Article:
The once rich and powerful ntion called America “The Great” is neither rich nor all that powerful anymore. Her wealth is dissappearing. Her power is fleeting. Her global standing in falling. And her sway over the world is being broken.
…”The Holy Qur’an refers to America in this kind of prophecy: “When her doom comes there will come one calamity after another.” As soon as she thinks she is getting over the sore made by a previous calamity, another will attack her.
Who would have thought that this could happen to the great goliath that made the nations tremble and shake in fear of her wrath? Who would have thought that the big power (America) would suffer such disgrace in this day and time? This is to teach you and me, Black brother, that the great power (America) is becoming weak and she is falling.
She is a beggar. She must beg the nations to buy her debt to fund her very existance. She has indeed fallen such a long way ver swift and fast. The book puts it like this when concerning the nations retreating from alliances and trade pacts with America in this time…”‘And the nations (Europe and Asia) stood afar away off for fear of her burning
(U.S.A.) And for fear of her Divine Plagues.”–pg.188(tfoa)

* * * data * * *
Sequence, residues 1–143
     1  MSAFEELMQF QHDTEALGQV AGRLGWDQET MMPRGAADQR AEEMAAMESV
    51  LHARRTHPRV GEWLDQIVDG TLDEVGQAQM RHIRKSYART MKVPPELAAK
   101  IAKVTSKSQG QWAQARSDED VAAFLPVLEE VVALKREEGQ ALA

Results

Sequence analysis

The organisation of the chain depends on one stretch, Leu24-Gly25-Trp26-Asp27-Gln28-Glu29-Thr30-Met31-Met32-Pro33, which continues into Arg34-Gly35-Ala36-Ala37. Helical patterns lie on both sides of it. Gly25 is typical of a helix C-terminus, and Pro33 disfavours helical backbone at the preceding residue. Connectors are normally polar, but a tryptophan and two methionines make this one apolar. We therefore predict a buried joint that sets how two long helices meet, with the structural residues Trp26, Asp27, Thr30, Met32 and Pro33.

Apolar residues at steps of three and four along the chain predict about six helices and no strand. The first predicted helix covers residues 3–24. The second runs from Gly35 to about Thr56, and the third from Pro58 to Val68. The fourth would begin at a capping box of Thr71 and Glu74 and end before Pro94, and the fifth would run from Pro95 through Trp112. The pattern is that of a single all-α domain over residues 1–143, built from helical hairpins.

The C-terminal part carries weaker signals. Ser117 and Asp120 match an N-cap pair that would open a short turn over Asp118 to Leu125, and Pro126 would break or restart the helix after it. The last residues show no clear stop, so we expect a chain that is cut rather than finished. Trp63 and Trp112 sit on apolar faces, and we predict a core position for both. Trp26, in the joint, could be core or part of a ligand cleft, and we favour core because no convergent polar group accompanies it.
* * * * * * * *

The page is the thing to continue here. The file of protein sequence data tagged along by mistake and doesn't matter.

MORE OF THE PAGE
U.S. manufacturing slowed for a second straight month in May as weak overseas demand and government belt-tightening at home led to the sector’s most sluggish rate of growth since October, a survey showed on Thursday.
Financial data firm Markit said its “flash,” or preliminary, U.S. Manufacturing Purchasing Managers Index fell to a seven-month low of 51.9 in May from 52.1 the previous month. A reading above 50 indicates expansion.
The output subindex slipped to 52.8 from 53.7. The pace of hiring slipped to 52.2 from 53.2, the slowest since October.
“Slower growth could be linked to a combination of fiscal drag hurting demand at home while at the same time many export markets remain in fragile states. The latter led to a renewed decline in export orders in May,” said Chris Williamson, chief economist at Markit.
That, he added, suggested manufacturing’s boost to U.S. growth in the second quarter would be modest at best.
Overall economic growth accelerated in the first quarter but as since lost some steam, according to recent data, repeating a pattern established over the past two years.
Federal Reserve Chairman Ben Bernanke, in remarks to Congress on Wednesday, gave no sign that the central bank was ready to retreat from the aggressive stimulus it designed to keep long-term interest rates low and boost growth.
The “flash” reading is based on replies from about 85 percent of the U.S. manufacturers surveyed. Markit’s final reading will be released on the first business day of the following month.